If we enjoy the blessings of material or financial abundance, others will sometimes question whether we have done something ‘worthy’ to deserve it. We internalise this layer of judgement, too.

Women in particular have internalised the judgement.

Questions tend to plague us, such as, Should I be home with my kids instead of at the office? And, Now that I’ve taken time off from work for my family, have I lost some of my value as a team member? This thought process makes us doubt our own deservingness of success and parity. So, we lower our heads and allow those raises and promotions to pass us by. Or we roll up our sleeves, grit our teeth and work harder just to be good enough. Just to be worthy.

In a self-fulfilling prophecy, our colleagues – both male and female – come to expect this.

A vicious cycle ensues, based on the assumption that our worth is determined largely by our work. Determined by its quantity rather than just its quality. But what if our worth is not determined by the quantitative measures of our work? What if it can’t be measured in hours or in dollars? And why do we have to justify any prosperity that may flow into our lives by limiting it to the kind that comes from hard (or harder) work?

The notion that we do is a conditioned response. A mental trap. A myth.

Why can’t we embrace all the ways in which we can flourish and prosper and that don’t necessarily require us to work hard to prove our worth?

All it really requires is the desire and the confidence to step aside from the hamster wheel or off it altogether. To open your eyes to the myriad of ways that exist of tapping into more effortless forms of abundance. Yet this is where most of us get stuck. We fall right back into the trap of feeling we must prove our worth for everything we receive in life.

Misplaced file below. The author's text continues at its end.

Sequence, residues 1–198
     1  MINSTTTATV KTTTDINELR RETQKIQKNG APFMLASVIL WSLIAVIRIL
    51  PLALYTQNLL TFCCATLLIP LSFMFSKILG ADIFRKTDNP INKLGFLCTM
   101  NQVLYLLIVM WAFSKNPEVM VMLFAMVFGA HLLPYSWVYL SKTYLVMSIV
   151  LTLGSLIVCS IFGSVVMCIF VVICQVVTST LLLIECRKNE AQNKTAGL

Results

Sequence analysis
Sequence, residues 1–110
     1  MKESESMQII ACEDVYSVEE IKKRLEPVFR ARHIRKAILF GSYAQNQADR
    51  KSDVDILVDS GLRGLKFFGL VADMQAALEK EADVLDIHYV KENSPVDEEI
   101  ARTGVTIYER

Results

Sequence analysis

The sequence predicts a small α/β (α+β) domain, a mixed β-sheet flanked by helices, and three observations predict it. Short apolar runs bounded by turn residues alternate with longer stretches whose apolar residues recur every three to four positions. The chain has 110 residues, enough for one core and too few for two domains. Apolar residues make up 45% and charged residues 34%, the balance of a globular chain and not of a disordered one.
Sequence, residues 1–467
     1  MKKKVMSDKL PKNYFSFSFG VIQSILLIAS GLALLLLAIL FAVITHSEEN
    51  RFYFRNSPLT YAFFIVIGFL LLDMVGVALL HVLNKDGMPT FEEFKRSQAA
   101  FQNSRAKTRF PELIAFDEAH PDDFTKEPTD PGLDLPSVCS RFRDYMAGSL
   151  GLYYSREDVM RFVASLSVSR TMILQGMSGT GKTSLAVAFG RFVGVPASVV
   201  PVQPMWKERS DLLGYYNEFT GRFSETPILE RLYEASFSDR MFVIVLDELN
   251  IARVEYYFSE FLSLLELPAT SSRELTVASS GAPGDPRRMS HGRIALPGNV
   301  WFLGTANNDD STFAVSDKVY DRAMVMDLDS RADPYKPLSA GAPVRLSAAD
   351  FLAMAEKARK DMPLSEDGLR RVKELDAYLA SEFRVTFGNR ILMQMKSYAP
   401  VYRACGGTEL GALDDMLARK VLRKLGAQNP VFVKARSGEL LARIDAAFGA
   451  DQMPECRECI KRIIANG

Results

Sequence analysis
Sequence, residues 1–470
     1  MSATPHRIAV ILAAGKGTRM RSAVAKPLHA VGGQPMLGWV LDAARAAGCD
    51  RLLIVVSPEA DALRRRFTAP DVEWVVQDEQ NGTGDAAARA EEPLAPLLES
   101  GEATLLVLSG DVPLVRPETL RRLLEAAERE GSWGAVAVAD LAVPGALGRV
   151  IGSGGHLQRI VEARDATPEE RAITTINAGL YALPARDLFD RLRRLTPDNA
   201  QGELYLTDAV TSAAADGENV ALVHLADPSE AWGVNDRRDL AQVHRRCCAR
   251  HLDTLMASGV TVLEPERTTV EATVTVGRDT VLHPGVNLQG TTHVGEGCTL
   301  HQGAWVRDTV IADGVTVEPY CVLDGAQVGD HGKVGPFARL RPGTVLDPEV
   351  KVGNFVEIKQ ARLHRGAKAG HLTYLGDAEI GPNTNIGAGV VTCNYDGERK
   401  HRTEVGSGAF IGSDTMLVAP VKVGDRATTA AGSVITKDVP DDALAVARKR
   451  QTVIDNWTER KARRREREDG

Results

Breaking the cycle

For women to break the cycle of working harder, they need to release the myth driving us to work so hard in the first place. This is the myth that we have to be some kind of super-woman who can do everything: fulfil all of our roles (daughter, mother, spouse, friend) to perfection and then on top of all that also be some kind of ‘Business Barbie’ creature with just the right look, hair and not-too-strong opinions to succeed in a male-dominated corporate world.

Trying to win that game can be exhausting and soul-destroying.

So I ask my fellow sisters to consider this: what if we just stopped playing that game? What if we completely re-wrote the rules, and made the game our own?

 

About the author
Julie Ann Cairns

Julie Ann Cairns

Julie Ann Cairns is the author of the top selling Hay House book 'The Abundance Code: How to Bust the 7 Money Myths for a Rich Life Now', and the director and producer of the documentary of the same name, 'The Abundance Code'. Julie Ann's life mission is to empower people to live an abundant life free from false beliefs, to make a shift to the abundance mindset and seek joint solutions to the most pressing challenges facing our planet.